The Coast’s love of tradition and history spills over into its foods.
Especially since Hurricane Katrina, old recipes have become treasures in some Coast homes.
Often, we do not know what we had until it is gone. The same is true for family recipes.
As I was cleaning out my office preparing for a garage sale, I came across a copy of a cookbook done by the Mississippi & Gulf Coast Exposition Co. for the 1916 Gulfport Exposition. Robyn Jermyn of Long Beach sent this to me several years ago.
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Members of the Housewives of the Gulf Coast donated the recipes to the Woman’s Auxiliary who in turn gave the recipes to the Mississippi & Gulf Coast Exposition Co. for the cookbook. Members of the cookbook committee were Mrs. W.A. Todd, Mrs. L.E. Andrews, Mrs. J.W. Luckett and Mrs. H.A. Jackson.
This cookbook even includes a recipe from the chef at the Great Southern Hotel, who uses gill as a liquid measure. One gill equals one-quarter of a pint. Some of the instructions are a bit archaic. I have approximated temperatures since many recipes simply say hot oven, medium oven and the like.
Maybe some great-grandparents remember the hotel, but for later generations these recipes are the foods of their ancestors. Even some of my Florida readers will like to have these recipes. I will share some of them today.
Another Coast treasure
“Would you please see if you can get the recipe from Bill Vrazel?” she asked. “It was Gulf shrimp dipped in garlic butter and served over a rich, baked casserole of artichoke hearts, baby shrimp and Parmesan cheese. It was my favorite of all their many delicious items on the menu.”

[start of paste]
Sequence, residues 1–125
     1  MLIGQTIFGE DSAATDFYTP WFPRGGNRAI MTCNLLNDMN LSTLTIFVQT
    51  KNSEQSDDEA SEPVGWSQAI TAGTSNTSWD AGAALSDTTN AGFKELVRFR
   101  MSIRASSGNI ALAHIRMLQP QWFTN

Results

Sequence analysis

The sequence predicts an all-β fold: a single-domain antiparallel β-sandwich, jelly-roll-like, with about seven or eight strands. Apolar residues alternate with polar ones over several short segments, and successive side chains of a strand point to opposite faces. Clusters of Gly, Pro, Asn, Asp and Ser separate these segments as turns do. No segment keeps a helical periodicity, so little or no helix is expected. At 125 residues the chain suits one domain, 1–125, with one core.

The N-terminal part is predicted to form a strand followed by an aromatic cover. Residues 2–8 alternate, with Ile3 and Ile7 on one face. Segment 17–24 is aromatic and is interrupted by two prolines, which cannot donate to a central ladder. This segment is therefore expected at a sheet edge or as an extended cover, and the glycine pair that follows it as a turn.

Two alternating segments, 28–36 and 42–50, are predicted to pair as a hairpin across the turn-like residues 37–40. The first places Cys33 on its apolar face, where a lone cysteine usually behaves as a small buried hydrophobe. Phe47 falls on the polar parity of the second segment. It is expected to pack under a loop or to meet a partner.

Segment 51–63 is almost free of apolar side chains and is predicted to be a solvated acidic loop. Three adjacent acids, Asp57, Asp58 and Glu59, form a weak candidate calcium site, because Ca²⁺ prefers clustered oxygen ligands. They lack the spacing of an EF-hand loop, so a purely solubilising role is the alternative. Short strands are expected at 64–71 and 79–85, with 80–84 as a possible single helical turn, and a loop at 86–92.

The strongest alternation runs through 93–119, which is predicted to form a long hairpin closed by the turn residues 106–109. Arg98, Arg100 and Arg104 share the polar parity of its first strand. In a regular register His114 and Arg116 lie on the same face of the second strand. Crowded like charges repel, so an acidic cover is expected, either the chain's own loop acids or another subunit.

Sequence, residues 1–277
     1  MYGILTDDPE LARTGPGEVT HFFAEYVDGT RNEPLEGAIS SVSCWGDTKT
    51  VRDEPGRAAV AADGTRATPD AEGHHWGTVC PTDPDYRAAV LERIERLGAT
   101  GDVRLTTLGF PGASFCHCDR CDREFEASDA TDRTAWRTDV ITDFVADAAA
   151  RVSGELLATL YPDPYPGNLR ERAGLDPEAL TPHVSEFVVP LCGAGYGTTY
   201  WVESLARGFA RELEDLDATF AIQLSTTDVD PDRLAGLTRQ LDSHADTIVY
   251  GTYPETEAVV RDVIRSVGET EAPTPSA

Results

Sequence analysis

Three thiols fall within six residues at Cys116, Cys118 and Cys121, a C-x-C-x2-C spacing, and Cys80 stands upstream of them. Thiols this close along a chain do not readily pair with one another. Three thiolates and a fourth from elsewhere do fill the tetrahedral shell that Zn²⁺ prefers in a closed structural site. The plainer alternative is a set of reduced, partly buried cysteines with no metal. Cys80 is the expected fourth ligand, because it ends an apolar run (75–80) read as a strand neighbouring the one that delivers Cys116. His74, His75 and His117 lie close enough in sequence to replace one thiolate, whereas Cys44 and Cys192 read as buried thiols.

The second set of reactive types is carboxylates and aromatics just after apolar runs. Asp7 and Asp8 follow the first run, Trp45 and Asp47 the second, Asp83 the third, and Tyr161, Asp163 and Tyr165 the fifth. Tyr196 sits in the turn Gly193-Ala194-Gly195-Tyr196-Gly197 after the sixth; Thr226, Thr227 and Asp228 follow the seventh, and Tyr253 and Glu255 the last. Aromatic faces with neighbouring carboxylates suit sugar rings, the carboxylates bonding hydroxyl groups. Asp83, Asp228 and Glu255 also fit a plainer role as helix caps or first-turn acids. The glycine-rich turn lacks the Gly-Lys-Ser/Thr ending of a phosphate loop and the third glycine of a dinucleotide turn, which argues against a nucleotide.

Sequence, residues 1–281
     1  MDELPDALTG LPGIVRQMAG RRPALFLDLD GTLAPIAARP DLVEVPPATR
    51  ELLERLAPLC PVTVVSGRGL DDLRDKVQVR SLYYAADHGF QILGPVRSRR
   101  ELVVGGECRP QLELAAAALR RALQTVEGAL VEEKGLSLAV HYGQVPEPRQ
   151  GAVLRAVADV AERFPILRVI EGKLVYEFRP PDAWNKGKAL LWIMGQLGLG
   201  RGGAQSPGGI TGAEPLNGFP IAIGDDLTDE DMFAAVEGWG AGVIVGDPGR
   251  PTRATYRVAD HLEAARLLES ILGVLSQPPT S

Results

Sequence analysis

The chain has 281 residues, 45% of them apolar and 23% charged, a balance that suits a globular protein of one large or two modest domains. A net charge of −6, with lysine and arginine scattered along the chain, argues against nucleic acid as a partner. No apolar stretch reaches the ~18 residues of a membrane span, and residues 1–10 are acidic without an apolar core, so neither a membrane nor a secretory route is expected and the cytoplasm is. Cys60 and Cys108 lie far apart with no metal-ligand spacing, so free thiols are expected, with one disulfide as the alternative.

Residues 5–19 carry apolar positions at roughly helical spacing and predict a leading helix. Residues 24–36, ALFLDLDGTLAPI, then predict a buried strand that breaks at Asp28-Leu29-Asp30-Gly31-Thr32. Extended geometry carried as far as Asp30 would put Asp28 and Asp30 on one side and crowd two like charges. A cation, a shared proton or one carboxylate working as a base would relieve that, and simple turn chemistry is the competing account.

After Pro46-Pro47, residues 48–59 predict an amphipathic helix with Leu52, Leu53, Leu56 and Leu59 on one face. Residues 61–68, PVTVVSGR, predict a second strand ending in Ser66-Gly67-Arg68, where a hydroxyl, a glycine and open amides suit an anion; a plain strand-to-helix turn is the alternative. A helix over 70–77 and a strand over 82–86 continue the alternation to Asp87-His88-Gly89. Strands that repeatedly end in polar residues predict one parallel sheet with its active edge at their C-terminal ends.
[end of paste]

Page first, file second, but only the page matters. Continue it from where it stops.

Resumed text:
This dish was an item on Vrazel’s regular menu. I will ask Vrazel and see if he will share the recipe.
More Storage Tips
“Once again thanks for a wonderful column on food storage,” said Lynette Faul of Gulfport. “I will definitely keep this one handy, and with your permission send a copy to my friend in Aussie.”
A fellow reader Dora Harrison created a great chart on food storage, and I shared part of it on how to store fresh fruits.
Since fresh vegetables are appearing at farmers’ markets, U-pick farms and roadside stands, I will share Harrison’s tips on fresh vegetables storage and shelf life.
— Bell peppers: store on refrigerator shelf in plastic bag; keep 1 week.
— Cucumber: store in refrigerator drawer and wrap in plastic; keeps 1 week.
— Dark, leafy greens: Store in refrigerator drawer in plastic bag with dry paper towel; keep 1 week.
— Head of lettuce: Store in refrigerator drawer in plastic bag with dry paper towel. Keeps 5 days.
— Onion: Store unwrapped in dark pantry. Keeps 1 to 2 months.
— Halved onion: Store in refrigerator drawer in a sealed plastic bag. Keeps 3-5 days.
— Summer squash: Store on refrigerator shelf in plastic bag; keeps 5 days.
— Green beans: Refrigerator drawer in plastic bag with dry paper towel. Keep 1 week.
— Mushrooms: Refrigerator shelf in paper bag. Keep 3 days.
— Potatoes: Dark pantry in paper bag. Keep 1-2 months.